The influence of hydrological dynamics on vegetational biodiversity and structuring of wetland environments is of growing interest as wetlands are modified by human alteration and the increasing threat from climate change. Hydrology has long been considered a driving force in shaping wetland communities as the frequency of inundation along with the duration and depth of flooding are key determinants of wetland structure. We attempt to link hydrological dynamics with vegetational distribution and species richness across Everglades National Park (ENP) using two publicly available datasets. The first, the Everglades Depth Estimation Network (EDEN),is a water-surface model which determines the median daily measure of water level across a 400mX400m grid over seven years of measurement. The second is a vegetation map and classification system at the 1:15,000 scale which categorizes vegetation within the Everglades into 79 community types. From these data, we have studied the probabilistic structure of the frequency, duration, and depth of hydroperiods. Preliminary results indicate that the percentage of time a location is inundated is a principal structuring variable with individual communities responding differently. For example, sawgrass appears to be more of a generalist community as it is found across a wide range of time inundated percentages while spike rush has a more restricted distribution and favors wetter environments disproportionately more than predicted at random. Further, the diversity of vegetation communities (e.g. a measure of biodiversity) found across a hydrologic variable does not necessarily match the distribution function for that variable on the landscape. For instance, the number of communities does not differ across the percentage of time inundated. Different measures of vegetation biodiversity such as the local number of community types are also studied at different spatial scales with some characteristics, like the slope of the semi-logarithmic relation between rank and occupancy, found to be robust to scale changes. The ENP offers an expansive natural environment in which to study how vegetational dynamics and community composition are affected by hydrologic variables from the small scale (at the individual community level) to the large (biodiversity measures at differing spatial scales).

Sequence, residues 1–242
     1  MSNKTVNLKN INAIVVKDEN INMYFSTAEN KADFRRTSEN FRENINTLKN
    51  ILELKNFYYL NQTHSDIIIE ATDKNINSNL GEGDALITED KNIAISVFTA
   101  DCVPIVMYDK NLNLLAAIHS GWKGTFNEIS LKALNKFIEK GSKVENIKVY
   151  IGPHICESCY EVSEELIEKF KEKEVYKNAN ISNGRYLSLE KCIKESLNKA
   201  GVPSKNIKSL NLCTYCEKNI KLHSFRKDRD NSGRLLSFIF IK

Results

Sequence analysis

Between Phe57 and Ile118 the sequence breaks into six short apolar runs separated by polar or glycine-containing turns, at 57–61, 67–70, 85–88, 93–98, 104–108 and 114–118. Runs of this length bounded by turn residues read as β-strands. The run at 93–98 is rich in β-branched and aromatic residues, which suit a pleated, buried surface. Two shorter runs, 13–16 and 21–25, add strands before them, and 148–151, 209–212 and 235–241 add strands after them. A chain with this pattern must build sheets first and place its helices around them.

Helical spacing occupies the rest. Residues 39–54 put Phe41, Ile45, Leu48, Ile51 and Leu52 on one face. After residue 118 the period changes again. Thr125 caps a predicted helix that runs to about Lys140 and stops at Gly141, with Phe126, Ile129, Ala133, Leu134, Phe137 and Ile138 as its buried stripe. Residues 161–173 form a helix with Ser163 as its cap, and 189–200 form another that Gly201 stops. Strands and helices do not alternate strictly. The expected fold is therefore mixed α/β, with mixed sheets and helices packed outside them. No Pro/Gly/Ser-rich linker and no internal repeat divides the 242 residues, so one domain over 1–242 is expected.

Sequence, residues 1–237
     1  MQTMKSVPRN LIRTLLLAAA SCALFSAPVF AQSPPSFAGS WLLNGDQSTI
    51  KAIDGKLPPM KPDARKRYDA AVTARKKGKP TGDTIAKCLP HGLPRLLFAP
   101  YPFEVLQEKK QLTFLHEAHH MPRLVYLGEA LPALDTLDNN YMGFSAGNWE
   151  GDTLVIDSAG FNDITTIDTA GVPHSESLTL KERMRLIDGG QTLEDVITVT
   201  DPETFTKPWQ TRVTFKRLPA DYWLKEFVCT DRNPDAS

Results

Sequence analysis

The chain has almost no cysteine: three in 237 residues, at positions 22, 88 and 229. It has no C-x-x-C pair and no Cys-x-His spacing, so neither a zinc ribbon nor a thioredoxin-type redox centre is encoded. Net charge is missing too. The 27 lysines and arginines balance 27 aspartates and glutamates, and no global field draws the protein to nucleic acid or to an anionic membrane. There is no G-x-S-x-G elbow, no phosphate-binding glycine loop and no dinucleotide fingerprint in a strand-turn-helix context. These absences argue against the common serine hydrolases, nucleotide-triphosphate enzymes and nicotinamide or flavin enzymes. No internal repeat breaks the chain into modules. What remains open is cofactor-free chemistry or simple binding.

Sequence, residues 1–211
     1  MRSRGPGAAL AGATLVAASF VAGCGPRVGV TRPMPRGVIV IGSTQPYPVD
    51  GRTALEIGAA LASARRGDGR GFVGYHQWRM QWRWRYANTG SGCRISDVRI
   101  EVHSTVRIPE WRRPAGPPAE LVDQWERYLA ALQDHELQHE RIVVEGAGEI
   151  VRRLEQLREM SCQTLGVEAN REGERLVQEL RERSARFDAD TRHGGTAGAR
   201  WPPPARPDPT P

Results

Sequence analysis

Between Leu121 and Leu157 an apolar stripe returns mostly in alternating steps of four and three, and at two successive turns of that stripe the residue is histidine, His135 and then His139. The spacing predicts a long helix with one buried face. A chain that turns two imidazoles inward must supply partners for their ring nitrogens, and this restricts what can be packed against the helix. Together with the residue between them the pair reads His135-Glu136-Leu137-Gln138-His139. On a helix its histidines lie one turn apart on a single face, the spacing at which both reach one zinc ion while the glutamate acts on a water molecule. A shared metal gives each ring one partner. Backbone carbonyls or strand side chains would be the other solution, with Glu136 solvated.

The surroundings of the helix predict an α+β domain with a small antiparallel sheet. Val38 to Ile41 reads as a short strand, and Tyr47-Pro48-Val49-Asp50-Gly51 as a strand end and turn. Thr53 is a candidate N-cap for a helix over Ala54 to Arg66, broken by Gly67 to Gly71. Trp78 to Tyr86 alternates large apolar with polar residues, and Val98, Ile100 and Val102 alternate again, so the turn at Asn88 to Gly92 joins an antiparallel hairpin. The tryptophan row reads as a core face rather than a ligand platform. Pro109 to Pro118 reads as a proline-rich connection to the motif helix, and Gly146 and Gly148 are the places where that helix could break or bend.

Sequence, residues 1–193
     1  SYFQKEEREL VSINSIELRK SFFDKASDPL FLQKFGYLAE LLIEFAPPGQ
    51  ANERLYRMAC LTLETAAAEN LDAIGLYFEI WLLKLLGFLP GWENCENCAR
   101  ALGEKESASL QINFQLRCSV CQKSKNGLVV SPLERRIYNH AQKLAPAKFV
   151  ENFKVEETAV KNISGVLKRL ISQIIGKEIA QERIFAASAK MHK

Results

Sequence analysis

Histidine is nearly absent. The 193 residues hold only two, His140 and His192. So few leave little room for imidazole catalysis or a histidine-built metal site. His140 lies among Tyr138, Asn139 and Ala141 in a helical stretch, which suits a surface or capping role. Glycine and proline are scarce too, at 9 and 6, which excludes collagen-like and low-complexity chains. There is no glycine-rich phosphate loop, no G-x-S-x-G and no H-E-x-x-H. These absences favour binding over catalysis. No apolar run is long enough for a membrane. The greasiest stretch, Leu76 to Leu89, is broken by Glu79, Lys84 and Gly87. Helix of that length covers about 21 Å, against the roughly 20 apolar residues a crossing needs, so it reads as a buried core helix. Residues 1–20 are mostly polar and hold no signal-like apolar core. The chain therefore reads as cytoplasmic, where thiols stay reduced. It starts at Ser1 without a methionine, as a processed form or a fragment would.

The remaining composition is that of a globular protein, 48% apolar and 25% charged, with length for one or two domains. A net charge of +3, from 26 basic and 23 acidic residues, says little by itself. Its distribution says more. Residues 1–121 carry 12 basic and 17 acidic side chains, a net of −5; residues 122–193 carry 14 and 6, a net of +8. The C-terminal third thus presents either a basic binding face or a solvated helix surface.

|Stato di pubblicazione||Published - 2009|